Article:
"In the Stearnes case it was a raffle, in which each separately and in turn threw dice for a prize. The court says the jewelry was the lure. The real fund against which the bettor staked his money was the fund in the dealer's pocket or on the table, and the defendant was convicted of exhibiting a gaming table. Nor is there anything in the suggestion that bettors might bet against each other. The true object was to induce parties to bet against the dealer, and such was the understanding and practice of the bettors."
The facts of that case and this case are peculiarly the same, except in this case a different character of table was used, and all the decisions hold that the character of table that is exhibited is immaterial.
The judgment is affirmed.
DAVIDSON, PRESIDING JUDGE, dissents.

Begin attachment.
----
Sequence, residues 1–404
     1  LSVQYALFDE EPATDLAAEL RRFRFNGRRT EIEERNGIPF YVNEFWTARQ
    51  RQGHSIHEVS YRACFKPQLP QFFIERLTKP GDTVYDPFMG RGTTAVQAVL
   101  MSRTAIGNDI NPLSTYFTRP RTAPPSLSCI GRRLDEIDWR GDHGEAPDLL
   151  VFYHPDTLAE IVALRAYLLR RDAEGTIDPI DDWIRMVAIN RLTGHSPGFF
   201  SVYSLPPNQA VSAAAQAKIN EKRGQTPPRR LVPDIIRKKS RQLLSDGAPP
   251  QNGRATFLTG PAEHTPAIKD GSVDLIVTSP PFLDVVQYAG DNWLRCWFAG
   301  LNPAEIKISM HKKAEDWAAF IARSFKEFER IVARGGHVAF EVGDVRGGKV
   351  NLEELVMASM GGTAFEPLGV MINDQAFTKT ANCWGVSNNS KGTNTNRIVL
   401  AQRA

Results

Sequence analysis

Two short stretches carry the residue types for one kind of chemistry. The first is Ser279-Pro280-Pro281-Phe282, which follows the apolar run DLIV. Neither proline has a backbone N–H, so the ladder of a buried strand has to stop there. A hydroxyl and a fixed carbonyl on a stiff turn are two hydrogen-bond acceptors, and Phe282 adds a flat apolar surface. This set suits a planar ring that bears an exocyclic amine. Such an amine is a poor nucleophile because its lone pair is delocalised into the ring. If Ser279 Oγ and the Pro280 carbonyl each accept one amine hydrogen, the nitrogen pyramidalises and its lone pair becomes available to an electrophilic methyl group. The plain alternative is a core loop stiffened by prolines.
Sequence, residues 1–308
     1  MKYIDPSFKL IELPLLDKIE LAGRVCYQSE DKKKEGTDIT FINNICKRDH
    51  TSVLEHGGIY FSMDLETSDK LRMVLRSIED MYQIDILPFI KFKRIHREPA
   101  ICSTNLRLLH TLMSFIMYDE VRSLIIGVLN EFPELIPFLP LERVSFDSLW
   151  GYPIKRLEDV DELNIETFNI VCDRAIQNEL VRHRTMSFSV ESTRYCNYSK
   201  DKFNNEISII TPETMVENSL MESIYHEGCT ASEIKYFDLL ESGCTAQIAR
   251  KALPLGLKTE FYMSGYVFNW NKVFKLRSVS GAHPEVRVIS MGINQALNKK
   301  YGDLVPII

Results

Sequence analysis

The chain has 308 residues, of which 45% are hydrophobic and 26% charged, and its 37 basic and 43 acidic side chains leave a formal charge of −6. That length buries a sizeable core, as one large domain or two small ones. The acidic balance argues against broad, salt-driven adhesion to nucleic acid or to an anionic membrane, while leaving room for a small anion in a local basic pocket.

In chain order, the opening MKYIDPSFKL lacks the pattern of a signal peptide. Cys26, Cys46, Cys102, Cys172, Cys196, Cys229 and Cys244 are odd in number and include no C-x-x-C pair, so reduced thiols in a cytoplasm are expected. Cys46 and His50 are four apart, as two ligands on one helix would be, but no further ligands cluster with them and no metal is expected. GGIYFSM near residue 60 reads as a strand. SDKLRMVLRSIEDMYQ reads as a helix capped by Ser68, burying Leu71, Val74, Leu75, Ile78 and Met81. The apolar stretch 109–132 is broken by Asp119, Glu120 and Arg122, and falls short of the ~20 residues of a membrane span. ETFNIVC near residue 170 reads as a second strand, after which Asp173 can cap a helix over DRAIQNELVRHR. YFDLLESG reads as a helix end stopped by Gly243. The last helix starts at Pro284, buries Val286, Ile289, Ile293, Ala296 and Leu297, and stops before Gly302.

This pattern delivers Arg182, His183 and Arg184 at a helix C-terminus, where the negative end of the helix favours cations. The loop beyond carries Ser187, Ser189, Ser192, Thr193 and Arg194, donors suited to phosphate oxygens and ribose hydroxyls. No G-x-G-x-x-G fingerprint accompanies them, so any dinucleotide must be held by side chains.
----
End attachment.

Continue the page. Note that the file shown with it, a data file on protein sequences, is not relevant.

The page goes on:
This case was affirmed at a former day of this term, and appellant has filed a motion for rehearing. In it he says: "Appellant does not contend that the evidence did not show that a banking game was played, and does not contend now that the evidence does not show that a banking game was played, but has contended at all times, and still contends that he was not indicted for running a banking game, and that he has not had an hour or day in court upon a charge for conducting a banking game." This simplifies matters, for if by a proper construction it was a "gaming table," within the meaning of our laws, he was exhibiting, the guilt of appellant is admitted, he only contended that instead of exhibiting a gaming table, that he was engaged in running a "bank." Appellant further says: "The court, in the majority opinion affirming this cause, undertakes to do so upon the authority of the Stearnes case, reported in the 21 Tex. 693 [ 21 Tex. 693]. We do not understand that such is the usual practice in going back in ancient history in order to find a case that would permit this court to affirm a judgment." Judge Roberts, the writer of the opinion in the Stearnes case, is recognized as one of the ablest lawyers who ever graced the bench of this State, and we do not understand that a construction placed by him on our statutory law is "ancient history," but the rules of law then prevailing are the rules of law of today, and will be for tomorrow, and this case has been frequently referred to by this court as a leading case on gaming tables and banks. We can not agree to change the rule of construction every time a friend desires a case reversed or affirmed, but the law should be the same as applied to all men.